Levy cites the example of the NBA Top Shot. On the one hand, he could not explain to his wife the meaning of buying the first pack for $100. On the other hand, he was happy when he took out of it a rare gaming moment worth $1600.

It is worth noting that in the NBA Top Shot cards are just collectibles and for sale. In full-fledged games, such mechanics can be used without such a commercial purpose. It is enough for the user to be able to sell his resources to another player in case they have lost relevance for him, or he is simply tired of the game itself.

This gives the necessary sense of confidence that the money for the purchase was not spent in vain. According to Levy, such an approach will change the very attitude to the purchase and use of digital goods.

NBA Top Shot

Meeting the needs of different types of players

Levy notes that the highest-grossing games sell power to the user. There are rare exceptions when the business model of the project can work effectively only at the expense of “cosmetics”. However, developers often focus on players who want to be the strongest, win events and see their name on the leaderboard.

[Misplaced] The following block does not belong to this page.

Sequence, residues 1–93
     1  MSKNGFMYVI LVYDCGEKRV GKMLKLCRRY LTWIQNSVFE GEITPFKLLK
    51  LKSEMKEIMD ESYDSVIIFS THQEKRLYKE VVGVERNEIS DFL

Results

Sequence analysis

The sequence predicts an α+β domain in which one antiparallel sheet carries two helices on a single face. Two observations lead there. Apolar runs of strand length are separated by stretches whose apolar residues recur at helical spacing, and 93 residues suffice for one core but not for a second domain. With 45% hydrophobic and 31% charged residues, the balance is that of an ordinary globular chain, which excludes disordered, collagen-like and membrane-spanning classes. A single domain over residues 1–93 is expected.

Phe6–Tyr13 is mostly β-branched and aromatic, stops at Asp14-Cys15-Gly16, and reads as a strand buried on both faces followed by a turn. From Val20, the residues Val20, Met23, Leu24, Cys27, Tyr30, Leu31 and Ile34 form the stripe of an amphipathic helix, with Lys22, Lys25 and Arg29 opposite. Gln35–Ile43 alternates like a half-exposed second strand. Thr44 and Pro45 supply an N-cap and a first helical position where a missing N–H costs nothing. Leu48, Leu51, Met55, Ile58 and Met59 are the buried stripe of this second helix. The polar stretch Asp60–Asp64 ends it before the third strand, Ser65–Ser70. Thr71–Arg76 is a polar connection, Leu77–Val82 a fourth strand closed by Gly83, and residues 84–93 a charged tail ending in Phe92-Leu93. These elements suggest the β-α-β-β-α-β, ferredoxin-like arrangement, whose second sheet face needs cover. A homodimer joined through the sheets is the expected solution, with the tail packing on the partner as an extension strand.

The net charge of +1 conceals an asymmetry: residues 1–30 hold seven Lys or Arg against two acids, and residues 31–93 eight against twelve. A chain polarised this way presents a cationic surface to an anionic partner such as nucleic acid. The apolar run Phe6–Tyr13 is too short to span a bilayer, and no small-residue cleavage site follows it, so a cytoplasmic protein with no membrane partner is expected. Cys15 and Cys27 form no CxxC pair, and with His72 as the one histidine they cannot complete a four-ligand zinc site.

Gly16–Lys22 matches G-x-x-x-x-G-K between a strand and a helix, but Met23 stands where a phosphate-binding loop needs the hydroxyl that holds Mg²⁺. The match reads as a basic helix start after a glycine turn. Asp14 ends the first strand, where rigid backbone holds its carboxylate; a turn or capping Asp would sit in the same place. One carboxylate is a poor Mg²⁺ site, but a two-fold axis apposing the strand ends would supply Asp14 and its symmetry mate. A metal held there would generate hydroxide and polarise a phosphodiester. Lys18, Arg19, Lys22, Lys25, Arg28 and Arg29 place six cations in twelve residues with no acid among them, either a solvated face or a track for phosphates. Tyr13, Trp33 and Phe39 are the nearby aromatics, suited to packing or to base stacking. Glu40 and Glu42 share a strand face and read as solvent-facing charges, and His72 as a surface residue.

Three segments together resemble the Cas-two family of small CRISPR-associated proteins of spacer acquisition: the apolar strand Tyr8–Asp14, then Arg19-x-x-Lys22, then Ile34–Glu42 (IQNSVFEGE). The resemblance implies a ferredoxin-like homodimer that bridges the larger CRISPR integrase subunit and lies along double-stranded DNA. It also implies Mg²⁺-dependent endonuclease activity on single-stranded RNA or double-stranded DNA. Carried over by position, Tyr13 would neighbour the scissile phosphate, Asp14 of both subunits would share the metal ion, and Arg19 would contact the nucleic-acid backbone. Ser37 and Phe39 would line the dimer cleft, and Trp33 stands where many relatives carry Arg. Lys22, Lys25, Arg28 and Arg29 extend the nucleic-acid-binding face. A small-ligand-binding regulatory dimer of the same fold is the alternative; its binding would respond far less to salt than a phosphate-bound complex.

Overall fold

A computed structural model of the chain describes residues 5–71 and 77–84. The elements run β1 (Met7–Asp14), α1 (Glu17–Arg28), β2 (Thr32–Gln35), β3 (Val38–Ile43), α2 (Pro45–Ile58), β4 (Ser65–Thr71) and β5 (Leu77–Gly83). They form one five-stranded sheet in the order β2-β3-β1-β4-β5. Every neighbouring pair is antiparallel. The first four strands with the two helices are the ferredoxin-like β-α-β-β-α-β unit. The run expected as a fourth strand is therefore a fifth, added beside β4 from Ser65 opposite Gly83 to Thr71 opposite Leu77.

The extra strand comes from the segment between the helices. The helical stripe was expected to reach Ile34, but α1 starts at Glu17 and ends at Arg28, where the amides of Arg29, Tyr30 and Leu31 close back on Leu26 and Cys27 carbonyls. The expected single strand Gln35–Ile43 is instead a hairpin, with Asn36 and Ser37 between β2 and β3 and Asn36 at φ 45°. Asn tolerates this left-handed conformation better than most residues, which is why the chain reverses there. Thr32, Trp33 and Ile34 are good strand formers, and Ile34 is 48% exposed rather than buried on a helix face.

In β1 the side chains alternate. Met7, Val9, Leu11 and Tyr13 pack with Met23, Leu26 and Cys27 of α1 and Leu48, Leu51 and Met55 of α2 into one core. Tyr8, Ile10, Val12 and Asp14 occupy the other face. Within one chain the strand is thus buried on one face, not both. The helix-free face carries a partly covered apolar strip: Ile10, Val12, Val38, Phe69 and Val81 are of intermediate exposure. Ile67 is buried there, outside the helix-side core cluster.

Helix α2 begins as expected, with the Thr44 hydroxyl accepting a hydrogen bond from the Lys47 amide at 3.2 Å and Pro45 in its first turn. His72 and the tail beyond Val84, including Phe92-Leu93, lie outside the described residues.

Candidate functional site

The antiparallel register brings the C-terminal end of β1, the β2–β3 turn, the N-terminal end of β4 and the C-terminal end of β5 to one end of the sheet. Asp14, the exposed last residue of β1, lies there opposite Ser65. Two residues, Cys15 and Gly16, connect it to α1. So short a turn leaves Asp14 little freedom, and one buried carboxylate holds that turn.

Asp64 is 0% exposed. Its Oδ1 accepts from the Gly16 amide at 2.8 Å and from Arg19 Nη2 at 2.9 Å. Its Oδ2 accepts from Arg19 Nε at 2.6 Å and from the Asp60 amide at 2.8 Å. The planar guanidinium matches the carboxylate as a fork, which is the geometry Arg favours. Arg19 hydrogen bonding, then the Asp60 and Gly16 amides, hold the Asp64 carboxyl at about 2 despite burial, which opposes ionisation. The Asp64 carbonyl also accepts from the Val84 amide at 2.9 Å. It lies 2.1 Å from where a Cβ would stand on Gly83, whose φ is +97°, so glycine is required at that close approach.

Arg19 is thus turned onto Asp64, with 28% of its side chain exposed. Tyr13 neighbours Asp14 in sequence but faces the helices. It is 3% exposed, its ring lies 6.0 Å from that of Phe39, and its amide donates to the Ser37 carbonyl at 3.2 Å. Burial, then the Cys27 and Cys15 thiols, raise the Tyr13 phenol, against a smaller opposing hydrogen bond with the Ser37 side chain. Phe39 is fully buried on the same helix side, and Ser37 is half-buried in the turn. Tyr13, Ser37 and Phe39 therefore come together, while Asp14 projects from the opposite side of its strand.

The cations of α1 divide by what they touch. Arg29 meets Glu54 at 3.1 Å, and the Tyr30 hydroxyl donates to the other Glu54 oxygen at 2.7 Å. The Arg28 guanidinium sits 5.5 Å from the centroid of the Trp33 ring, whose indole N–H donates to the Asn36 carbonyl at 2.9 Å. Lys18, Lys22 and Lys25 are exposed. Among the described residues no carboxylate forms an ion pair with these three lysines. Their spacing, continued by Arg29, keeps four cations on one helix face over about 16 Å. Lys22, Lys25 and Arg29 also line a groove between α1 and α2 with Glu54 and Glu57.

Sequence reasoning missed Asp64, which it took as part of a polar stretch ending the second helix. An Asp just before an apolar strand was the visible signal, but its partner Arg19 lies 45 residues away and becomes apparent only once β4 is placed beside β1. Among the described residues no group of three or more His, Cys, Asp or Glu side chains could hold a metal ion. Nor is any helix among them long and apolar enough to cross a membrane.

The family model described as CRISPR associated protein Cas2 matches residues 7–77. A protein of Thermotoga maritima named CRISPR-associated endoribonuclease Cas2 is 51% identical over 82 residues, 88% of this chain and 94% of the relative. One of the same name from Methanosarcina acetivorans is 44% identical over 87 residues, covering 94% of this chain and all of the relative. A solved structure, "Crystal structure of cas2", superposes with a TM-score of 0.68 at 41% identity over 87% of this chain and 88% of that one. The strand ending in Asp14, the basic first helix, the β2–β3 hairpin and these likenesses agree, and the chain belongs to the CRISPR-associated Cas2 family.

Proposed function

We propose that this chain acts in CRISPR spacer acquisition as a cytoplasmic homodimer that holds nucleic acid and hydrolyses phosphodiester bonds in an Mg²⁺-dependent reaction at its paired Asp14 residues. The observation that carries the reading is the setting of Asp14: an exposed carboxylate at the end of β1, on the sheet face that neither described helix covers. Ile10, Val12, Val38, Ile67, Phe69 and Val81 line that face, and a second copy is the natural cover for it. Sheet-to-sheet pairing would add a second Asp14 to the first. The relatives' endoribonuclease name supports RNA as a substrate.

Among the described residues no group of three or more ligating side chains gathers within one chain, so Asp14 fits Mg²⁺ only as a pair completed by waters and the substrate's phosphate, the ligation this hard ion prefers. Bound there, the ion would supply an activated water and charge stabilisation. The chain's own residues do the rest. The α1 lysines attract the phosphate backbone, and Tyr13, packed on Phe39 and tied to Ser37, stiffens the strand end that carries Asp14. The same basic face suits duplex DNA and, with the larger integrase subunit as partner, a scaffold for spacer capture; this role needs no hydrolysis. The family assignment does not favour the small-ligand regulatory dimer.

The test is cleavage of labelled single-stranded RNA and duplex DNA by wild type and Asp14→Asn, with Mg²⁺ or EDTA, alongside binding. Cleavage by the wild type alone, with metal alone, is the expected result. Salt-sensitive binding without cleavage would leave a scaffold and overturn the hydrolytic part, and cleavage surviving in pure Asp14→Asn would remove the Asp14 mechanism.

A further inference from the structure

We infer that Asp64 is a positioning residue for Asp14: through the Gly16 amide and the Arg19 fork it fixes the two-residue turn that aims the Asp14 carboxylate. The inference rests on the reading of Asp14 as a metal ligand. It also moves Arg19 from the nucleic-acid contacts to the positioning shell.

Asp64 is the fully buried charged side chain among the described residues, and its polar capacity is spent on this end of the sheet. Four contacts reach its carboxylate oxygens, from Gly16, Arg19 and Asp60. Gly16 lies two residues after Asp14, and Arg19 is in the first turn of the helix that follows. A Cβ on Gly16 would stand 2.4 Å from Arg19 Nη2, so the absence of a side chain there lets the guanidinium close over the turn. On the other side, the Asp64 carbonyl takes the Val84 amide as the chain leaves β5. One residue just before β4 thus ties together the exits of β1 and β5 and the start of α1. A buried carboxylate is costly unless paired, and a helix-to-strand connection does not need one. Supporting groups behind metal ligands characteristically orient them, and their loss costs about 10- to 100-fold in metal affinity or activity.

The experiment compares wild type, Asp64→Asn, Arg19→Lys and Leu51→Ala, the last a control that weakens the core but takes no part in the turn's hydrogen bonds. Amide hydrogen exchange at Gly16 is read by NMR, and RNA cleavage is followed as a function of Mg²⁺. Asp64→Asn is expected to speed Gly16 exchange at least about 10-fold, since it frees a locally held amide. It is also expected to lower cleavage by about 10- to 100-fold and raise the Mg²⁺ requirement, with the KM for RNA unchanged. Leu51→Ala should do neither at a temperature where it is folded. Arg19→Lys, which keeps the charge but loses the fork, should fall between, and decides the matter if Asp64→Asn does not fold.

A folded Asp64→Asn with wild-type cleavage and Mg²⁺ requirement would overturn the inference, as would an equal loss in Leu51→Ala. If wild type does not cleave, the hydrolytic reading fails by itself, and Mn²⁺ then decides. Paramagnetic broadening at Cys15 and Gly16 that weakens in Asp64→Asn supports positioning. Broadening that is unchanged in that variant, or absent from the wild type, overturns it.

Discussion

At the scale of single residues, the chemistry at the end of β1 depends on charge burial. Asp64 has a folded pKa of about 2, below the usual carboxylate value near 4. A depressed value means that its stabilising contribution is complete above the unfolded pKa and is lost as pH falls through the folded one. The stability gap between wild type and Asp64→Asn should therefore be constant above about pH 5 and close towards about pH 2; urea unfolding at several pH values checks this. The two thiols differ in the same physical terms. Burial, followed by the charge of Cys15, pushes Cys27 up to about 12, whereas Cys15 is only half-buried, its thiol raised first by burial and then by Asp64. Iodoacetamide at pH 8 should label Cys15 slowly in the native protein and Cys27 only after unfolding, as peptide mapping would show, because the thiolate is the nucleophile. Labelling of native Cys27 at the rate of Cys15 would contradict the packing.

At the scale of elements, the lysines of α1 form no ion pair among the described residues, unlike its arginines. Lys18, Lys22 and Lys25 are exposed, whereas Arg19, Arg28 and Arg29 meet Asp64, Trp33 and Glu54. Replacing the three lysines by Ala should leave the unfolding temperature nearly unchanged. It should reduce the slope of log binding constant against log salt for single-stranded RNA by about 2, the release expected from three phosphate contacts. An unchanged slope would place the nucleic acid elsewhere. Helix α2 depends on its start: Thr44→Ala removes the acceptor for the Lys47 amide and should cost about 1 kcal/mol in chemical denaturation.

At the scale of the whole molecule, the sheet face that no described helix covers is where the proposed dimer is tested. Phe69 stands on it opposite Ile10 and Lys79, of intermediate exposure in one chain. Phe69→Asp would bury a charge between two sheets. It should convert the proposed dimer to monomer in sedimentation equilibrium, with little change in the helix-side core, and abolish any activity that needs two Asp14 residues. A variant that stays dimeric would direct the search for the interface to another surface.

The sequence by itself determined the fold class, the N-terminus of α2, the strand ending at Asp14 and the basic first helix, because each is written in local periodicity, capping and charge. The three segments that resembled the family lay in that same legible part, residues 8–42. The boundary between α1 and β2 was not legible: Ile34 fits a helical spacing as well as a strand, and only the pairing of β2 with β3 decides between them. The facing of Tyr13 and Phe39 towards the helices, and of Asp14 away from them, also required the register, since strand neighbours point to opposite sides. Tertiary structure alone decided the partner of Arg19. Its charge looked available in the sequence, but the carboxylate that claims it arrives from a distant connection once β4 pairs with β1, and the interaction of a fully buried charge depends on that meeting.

At the same time, there are many users who want to farm resources, collect collections, make friends, or just log into the game for a few minutes to relax. The requests of such players are often ignored in terms of the content available to them for purchase.

According to Levy, in blockchain games, developers can adjust the design to a variety of user groups. Players with a lot of free time can collect items and then sell them to users who want to be the strongest without having to spend many hours grinding. Guilds may have additional goals in addition to maintaining leadership in the list.

All this, Levy believes, can make video games more inclusive and suitable for many different users at once.

The struggle with existential horror

Levi admits that every time he finds a new fritupley game, the little angel on his shoulder tells him, “Don’t turn it into your new hobby.”

Each of his game cycles usually has the same pattern. For several months, Levi has been playing the game 6-10 times a day. Sometimes he makes purchases without entering the territory of the “whales”. However, in the end there comes a series of questions, after which he forgets about the project.

“I ask myself, ‘Why? What’s the point of grinding and trying to make progress in this game?” This existential horror haunts me immediately after installation. I will never be able to become the best player on the leaderboard. And even if I succeed, so what? The gaming experience itself, after all, ultimately feels empty and meaningless,” explains Levy.